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There are Calgary Flames fans who always feared this possibility, those who have been fretting since long before he reached superstar status that Johnny Gaudreau would someday decide he wanted to play closer to home.
Someday has arrived.
After 602 games and 609 points in the Flaming C logo, Gaudreau is a goner. The next time he steps on the ice at the Scotiabank Saddledome, it will be as one of the out-of-town guests.
On the eve of Wednesday’s free-agent frenzy, the 28-year-old left-winger called Flames general manager Brad Treliving to deliver the devastating news — that he plans to test the market. As soon as the clock strikes 10 a.m. MT, he will be eligible to go elsewhere. You can bet it will be a whole lot closer to his loved ones.
“It’s a disappointing day, to say the very least,” Treliving said Tuesday evening, shortly after that franchise-altering farewell call from Gaudreau, who hails from Carneys Point, N.J., and will be an unrestricted free agent for the first time in his career. “I sat in front of you at the end of our season and I think my line and my comment was we would move heaven and earth. I can assure our fans that we have done everything possible to keep John in Calgary.
“I don’t want to speak for John, and I won’t speak for John, but it is my strong belief that this was a family decision. And I respect that fully.”
Gaudreau’s agent Lewis Gross confirmed that, telling Sportsnet’s Elliotte Friedman: “The Flames did everything they could. This came down to a family decision.”
Treliving made a major push Tuesday to get Johnny Hockey’s signature on a new contract.
It’s believed he bumped Calgary’s offer to north of US$10-million per season over the maximum eight-year span. That’s a total payday of more than $80 million — a lump sum that likely won’t be beat on a seven-year deal in any other market.
If Gaudreau inks Wednesday for less loot, the explanation is simple — location, location, location.
It’s not just about where he wants to chase a Stanley Cup ring but also where he wants to start his family. He and his wife, Meredith, are expecting their first child.
The New Jersey Devils and New York Islanders, both within reasonable driving distance of Gaudreau’s hometown, are expected Wednesday to be among the most aggressive bidders for his services.
The Philadelphia Flyers would need to clear some cap-space, but they’ll be tempted to take a big swing at landing the ace playmaker who was raised just across the Delaware River.
“I think this was a real hard decision for John,” said Treliving, wearing the disappointment on his face after what he described as an emotional conversation with Gaudreau. “He was very appreciative of the organization. He was very appreciative of the fans. He was very appreciative of how he was treated, his teammates.
“We develop a relationship with these players — we’ve been with them a long time — and he’s a hell of player. So it’s hard. I know it’s hard for him too. If it was easy, I don’t think he would have been agonizing over it … It weighed on him and ultimately he chose what he felt was best for him and his family, and all you can do is respect it.”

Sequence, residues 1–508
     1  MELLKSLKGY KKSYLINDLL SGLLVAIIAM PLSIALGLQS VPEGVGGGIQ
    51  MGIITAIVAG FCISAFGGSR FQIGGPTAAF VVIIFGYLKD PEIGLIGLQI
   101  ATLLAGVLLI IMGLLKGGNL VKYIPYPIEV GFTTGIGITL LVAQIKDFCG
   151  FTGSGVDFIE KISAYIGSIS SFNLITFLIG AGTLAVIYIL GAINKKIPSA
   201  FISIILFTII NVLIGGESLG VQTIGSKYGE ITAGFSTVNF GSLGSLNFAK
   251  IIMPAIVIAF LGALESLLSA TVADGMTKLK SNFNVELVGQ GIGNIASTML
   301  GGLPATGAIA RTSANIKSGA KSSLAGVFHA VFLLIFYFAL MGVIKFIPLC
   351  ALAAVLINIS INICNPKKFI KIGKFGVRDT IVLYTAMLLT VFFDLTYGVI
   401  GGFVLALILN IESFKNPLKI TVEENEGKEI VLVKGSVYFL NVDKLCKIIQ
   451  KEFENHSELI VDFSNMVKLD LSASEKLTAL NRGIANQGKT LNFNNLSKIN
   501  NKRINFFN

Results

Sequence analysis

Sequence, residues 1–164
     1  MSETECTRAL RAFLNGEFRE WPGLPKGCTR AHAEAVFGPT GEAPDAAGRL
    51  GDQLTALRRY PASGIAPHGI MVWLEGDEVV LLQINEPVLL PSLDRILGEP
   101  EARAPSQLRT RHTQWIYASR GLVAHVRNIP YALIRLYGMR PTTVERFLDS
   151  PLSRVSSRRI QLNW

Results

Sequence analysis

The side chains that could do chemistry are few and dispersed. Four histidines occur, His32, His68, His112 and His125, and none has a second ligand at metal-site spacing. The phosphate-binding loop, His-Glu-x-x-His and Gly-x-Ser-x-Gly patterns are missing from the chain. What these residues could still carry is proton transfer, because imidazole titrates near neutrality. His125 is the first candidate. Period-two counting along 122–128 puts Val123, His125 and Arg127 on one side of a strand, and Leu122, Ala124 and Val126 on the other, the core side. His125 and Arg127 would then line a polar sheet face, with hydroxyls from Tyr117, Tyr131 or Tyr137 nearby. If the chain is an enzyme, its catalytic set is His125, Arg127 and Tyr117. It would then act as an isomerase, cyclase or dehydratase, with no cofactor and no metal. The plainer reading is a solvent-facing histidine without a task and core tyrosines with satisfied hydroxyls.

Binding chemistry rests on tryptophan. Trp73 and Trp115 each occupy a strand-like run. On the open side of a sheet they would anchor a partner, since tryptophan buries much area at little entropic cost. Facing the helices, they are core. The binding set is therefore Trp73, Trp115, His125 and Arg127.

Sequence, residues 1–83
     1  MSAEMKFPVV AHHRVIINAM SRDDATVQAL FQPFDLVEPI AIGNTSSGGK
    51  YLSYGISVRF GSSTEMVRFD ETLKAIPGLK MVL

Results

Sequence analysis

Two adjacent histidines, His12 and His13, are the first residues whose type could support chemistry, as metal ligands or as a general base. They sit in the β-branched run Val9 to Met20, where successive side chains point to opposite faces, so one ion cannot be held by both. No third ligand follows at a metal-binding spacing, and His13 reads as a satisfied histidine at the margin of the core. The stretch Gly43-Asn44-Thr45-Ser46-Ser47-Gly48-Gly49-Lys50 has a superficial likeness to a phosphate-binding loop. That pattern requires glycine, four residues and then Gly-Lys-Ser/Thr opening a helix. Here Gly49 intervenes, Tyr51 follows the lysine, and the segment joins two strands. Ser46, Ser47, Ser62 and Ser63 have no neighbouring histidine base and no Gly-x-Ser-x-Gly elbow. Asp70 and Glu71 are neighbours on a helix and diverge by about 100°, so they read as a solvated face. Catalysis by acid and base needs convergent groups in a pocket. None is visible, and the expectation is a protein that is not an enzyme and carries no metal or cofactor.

With Gaudreau’s goodbye, the Flames are losing a perennial all-star and fan favourite in the prime of his career. He will not be easily replaced. He won’t be immediately replaced, that’s for sure.
The puck-on-a-string winger racked up 115 points this past season. That includes 90 scoresheet mentions in even-strength scenarios, the highest total by any NHLer since the mid-1990s.
He finished second in the overall scoring race — only Connor McDavid did more offensive damage — and fourth in Hart Trophy voting while also climbing to fifth on Calgary’s all-time list. If he had signed up for eight more campaigns, Jarome Iginla’s franchise points record was certainly within reach.
While the 2021-22 Flames were not a one-man show, Gaudreau is the biggest reason they posted the best regular-season record in the Pacific Division. Darryl Sutter wasn’t exaggerating even a smidge when he described No. 13 as “one of the best 200-foot players in the league right now.”
Imagine the scowl on Sutter’s face when he learned Tuesday that there’s now a massive hole to fill on his first line. Elias Lindholm and Matthew Tkachuk will need a new left-winger. With Tkachuk eligible to become an unrestricted free-agent next summer, Lindholm could eventually be working without both.
Treliving had been adamant that re-signing Gaudreau was Plan A.
So what’s Plan B?
It probably would have been Filip Forsberg, but he’s already re-upped with the Nashville Predators.
The Flames could enter the bidding for centre Nazem Kadri, a key piece for the Colorado Avalanche in their roll to a Stanley Cup parade, but he’s about to turn 32 and not all that long ago nixed a trade to Calgary.
Evgeni Malkin likely won’t be looking west. Ditto for Claude Giroux. Those would be short-term solutions anyway.
The truth is that while the Flames now have an extra $10 million to spend when the free-agent window opens Wednesday, the best player on the market is the guy who is leaving town.
“The wrong move right now, I can tell you, is to knee-jerk reaction and just try to rush out and replace a player with the wrong response,” Treliving said. “You don’t go and pick somebody off the tree tomorrow to replace Johnny’s offence and what he did with our team. But you also have to move forward.”
The Flames list of unrestricted free agents also includes three defencemen — third-pairing thumpers Erik Gudbranson and Nikita Zadorov and insurance policy Michael Stone — and depth forwards Calle Jarnkrok, Trevor Lewis and Brett Ritchie.